Running Against Trump’s Negatives
The Democratic Party is betting the House of Representatives, and a whole lot more, on the unpopularity of Donald Trump.
That Trump is unfit for office is currently an important part of theDemocratic Party platform, if not the most important part. In certain segments of the Democratic Party, hatred for Donald Trump is the only unifying factor. Without Donald Trump in the picture, the Democratic Party becomes a loose political organization in which one of the most popular and visible rising stars doesn’t think the party’s nominee for president belongs in the party with her.
Are Democrats right to put all their eggs in the basket of Donald Trump’s unpopularity? Just how unpopular is he, really?
Do the polls mean anything?
Democrats are confident because Donald Trump’s negatives are in the toilet. Well, of course they are. After four years of every major media outlet in the country calling Trump everything from a Russian agent to a White supremacist on a daily basis, where else would his negatives be?
But Trump’s approval ratings aren’t as low as they should be. In fact, Trump’s approval ratings aren’t that much lower than other modern incumbent presidents who have won reelection, and Trump approval ratings are much higher than modern incumbent presidents who have losttheir reelection campaigns. Trump’s approval ratings have been on rise since July and have steadily trended upward since 2017.
Besides over-sampling Democrats, these numbers don’t tell the whole story. The last chapter is yet to be written.
Joe Biden’s negatives might not be as low as Hillary Clinton’s- yet. Donald Trump’s ratings are where they are, and have managed to stay there through all the accusations of graft, tax evasion, racism, fraud, sexual assault, and high treason.
Trump’s ratings are as high as they are in spite of the Mueller Report, impeachment, and House Speaker Nancy Pelosi dramatically tearing up her copy of his State of the Union address on live television. Trump’s negatives reflect his performance on COVID-19, his reaction to the Geroge Floyd protests, the first debate, and his Twitter account in its entirety.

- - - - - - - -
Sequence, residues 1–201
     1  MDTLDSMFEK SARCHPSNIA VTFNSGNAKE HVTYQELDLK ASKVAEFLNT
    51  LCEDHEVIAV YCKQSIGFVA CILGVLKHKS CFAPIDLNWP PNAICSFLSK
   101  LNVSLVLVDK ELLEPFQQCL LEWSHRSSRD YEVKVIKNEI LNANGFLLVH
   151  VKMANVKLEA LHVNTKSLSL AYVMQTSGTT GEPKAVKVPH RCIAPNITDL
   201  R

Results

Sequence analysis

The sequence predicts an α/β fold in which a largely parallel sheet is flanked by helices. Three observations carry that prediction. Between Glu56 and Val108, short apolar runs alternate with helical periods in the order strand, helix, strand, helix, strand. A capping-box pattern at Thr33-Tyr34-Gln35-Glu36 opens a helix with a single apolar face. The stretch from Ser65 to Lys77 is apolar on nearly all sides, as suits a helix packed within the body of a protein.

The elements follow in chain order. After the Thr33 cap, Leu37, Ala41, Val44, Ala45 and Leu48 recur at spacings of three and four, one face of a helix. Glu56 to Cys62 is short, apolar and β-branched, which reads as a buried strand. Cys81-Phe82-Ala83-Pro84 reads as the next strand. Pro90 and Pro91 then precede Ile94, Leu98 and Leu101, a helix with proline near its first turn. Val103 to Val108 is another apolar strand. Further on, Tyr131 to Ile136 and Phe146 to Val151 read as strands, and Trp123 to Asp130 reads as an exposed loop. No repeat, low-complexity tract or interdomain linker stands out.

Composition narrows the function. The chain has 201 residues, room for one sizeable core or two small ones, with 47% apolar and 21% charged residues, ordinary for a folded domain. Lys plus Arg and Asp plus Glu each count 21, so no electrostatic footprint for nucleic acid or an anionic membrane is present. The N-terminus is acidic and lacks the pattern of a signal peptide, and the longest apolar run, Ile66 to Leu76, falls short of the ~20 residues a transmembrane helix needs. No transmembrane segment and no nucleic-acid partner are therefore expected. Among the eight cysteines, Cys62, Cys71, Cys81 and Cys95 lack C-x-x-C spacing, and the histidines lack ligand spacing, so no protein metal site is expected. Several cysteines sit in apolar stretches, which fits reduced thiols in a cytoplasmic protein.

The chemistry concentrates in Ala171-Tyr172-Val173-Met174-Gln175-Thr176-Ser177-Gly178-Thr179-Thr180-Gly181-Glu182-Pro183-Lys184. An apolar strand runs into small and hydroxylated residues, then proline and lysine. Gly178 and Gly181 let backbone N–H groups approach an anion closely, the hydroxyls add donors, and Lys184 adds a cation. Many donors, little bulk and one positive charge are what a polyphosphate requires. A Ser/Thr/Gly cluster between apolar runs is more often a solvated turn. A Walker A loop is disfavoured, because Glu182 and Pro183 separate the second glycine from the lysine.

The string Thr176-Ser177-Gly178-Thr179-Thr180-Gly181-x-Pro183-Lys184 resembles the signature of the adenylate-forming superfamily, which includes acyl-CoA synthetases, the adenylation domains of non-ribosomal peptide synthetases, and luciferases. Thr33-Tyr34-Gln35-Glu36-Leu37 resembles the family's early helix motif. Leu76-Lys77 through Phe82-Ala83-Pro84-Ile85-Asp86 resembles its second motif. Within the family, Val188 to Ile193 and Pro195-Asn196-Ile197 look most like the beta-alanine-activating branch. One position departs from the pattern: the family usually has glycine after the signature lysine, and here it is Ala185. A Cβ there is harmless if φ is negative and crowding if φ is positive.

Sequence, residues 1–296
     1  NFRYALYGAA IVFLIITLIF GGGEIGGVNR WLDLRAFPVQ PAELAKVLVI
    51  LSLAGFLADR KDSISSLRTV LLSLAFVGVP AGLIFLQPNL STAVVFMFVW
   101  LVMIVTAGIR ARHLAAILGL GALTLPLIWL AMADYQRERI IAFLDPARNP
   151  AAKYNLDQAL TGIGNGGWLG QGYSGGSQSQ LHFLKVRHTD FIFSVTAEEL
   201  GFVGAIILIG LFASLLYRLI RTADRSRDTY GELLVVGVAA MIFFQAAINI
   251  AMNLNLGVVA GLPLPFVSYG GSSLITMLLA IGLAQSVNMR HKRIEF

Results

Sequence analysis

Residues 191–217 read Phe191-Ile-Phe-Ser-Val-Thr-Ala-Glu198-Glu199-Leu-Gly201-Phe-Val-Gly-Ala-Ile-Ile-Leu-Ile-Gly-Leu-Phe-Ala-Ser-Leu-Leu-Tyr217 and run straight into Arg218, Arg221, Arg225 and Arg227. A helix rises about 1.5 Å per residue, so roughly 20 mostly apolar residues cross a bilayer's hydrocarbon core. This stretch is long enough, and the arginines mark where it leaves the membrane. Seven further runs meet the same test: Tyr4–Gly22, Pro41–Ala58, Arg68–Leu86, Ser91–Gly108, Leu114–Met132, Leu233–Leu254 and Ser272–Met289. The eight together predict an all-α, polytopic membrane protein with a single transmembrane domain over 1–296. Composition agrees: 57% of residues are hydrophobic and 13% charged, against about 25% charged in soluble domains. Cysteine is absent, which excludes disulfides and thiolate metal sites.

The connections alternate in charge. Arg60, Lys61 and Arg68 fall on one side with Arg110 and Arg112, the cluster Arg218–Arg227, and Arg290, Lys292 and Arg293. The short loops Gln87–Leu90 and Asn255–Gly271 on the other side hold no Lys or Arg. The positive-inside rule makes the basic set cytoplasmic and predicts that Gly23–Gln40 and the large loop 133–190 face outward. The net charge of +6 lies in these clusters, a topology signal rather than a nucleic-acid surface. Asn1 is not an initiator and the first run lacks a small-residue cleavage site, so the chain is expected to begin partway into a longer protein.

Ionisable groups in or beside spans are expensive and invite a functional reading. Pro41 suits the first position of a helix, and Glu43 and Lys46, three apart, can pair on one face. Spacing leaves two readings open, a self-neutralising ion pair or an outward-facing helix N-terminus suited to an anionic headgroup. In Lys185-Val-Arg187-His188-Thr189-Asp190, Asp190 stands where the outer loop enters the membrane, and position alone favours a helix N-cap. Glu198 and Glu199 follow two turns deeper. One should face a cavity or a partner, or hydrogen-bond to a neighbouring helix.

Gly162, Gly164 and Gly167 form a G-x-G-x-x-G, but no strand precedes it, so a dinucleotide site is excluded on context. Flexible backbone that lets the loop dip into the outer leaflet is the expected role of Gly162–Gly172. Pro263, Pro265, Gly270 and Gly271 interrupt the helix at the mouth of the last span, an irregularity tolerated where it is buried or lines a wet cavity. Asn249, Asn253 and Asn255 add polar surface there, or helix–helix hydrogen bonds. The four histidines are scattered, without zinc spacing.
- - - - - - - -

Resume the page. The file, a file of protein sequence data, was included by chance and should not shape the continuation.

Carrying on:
Joe Biden’s negatives are where they are- untested. Biden’s negatives are untried by the constant onslaught they are about to endure over the next two weeks. It will still be but a fraction of that to which the Trump campaign has become inured.
If Democrats think Hunter Biden’s laptop is the only October surprise in store for the Biden campaign, they need to think again. The ghost of Tara Reade is about to come back to haunt Joe Biden in his final stretch. Reade’s tell-all book detailing her accusations against then-Senator Joe Biden is scheduled to be released in just a few days.
Likewise, if Democrats think the Hunter Biden laptop stories- the revelations already published and the other shoes waiting to drop- won’t hurt Joe Biden, they are likewise laboring under a misapprehension. Ignoring Hillary Clinton’s email scandal did not make it go away in 2016; ignoring Hunter Biden won’t help Joe Biden, either.
Social media giants- in a misguided attempt to help shield the Biden campaign from fallout over the allegations- succeeded in doubling the reach of the Hunter Biden laptop story by initially banning it. This course of action proved so ill-advised, that not only did Twitter and Facebook back away from it as fast as they could, it drove Glenn Greenwald to appear on Tucker Carlson.
Ignoring Tara Reade’s book about Joe Biden won’t make it go away, either.
The giants of Silicon Valley obviously can’t suppress it. Biden’s supporters can cry foul all they like about the timing of the book, dropping right before the election as it will. But Democrats cannot in one breath claim Mary Trump’s tell-all about her uncle’s unfitness for office or Bob Woodward’s book exposing weaknesses in Trump’s COVID-19 response are recently-published must-reads for every informed voter and condemn Tara Reade’s book as a partisan hack job with the next.